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Using a common scheduling system, project managers in all districts can schedule a rack for assembly, programming, testing, burn-in and delivery. Once scheduled, milestone deadline dates are automatically populated into the schedule that guides the process.

“Frankly, we will continually refine the production and QA process for some time to come, but even at this early stage district offices are reporting drastically better results than they were able to achieve at a local level historically,” says Stearns.

Utah was selected for VIA’s first Center of Excellence due to its central location within the western U.S. as it relates to trucking routes, the low cost of skilled labor and the low cost of real estate. It is anticipated that VIA will need to add another Center of Excellence or two as it expands eastward, notes Stearns.

ASSIMILATING COMPANY CULTURES

But what about the egos of the group? How difficult has it been to combine various company cultures led by a bunch of Type A entrepreneurs? Apparently, it hasn’t been a problem.

“All the smart people in my life who are entrepreneurs told me that culture was going to be the killer,” says Thies. “They said that if it didn’t work, it was because you could not merge these cultures. But at all levels of each organization there is a very high level of commitment to being the best. So there was already a common culture in all of our organizations — we all thought we were the best.”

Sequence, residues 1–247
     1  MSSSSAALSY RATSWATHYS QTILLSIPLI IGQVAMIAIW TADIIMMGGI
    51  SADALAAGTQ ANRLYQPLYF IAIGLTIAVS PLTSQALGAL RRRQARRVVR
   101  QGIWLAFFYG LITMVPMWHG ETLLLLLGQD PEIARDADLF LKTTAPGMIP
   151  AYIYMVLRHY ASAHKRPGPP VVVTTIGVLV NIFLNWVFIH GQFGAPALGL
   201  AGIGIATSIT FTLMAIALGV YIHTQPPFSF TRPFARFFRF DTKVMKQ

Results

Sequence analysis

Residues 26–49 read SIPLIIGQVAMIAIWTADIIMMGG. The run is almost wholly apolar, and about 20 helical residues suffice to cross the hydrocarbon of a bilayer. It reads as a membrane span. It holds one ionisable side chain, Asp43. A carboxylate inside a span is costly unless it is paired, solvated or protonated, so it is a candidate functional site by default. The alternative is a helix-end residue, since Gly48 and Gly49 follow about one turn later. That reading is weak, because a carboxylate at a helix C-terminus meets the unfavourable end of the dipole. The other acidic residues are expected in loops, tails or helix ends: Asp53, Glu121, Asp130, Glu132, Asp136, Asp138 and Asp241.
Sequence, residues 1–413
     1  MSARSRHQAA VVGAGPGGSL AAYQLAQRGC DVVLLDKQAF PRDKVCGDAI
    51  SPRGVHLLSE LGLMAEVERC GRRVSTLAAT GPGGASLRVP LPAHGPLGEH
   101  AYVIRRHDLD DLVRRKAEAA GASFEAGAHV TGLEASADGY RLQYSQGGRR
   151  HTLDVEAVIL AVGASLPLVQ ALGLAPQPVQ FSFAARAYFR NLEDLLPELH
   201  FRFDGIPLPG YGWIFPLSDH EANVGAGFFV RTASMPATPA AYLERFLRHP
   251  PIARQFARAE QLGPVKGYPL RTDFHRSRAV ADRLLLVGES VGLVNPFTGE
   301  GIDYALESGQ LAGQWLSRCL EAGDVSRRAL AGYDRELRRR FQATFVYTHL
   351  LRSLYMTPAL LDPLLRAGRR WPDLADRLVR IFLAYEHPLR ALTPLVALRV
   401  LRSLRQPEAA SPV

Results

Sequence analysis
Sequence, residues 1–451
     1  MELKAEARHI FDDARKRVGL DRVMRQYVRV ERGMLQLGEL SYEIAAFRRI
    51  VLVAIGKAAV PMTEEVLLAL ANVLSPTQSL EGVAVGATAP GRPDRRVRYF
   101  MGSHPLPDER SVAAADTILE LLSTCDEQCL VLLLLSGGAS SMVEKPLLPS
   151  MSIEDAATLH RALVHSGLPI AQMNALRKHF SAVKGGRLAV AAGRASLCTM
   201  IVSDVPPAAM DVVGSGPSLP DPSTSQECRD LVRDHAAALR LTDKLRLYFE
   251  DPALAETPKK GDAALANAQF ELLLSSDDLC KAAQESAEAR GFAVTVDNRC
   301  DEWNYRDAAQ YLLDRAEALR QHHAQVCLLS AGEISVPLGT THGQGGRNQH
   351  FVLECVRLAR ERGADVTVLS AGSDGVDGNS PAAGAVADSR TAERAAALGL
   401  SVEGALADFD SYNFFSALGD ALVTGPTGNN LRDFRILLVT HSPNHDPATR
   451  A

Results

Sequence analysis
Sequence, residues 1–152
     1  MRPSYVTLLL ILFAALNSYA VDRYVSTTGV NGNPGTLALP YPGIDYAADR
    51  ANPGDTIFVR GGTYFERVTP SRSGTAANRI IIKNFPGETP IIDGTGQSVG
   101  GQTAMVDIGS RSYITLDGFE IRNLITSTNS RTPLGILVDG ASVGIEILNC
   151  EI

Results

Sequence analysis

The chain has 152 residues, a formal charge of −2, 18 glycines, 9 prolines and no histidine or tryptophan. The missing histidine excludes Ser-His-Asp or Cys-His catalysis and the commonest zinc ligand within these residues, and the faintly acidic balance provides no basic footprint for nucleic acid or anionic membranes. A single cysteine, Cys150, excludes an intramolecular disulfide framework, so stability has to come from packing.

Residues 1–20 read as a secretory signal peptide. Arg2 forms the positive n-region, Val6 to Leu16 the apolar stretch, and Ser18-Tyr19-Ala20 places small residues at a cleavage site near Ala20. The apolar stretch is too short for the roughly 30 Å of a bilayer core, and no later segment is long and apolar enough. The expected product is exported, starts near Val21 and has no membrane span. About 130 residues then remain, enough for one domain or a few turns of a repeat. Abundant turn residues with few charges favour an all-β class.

That attitude translated to things like pride of workmanship, top-level service, and high-touch personalized service that was consistent throughout every company. From a technical standpoint, Thies says everyone was different in their approach to solutions, but they all had the same goal of perfection.

“Of course, we are all very different personalities in the management team. It is a little bit too good to be true — almost too good to believe — that it has gone as smoothly as it has, because the more I get to know these guys, I realize, wow, we are very, very different people,” he adds.

“The truth is at the ownership level we all get along really well,” agrees Whitehead. “We reach consensus very quickly. We have not had an argument that has lasted more than five minutes. There have been people with spirited sides of that and we have come to a consensus very quickly and it hasn’t been a 4-3 vote, it has always been unanimous.”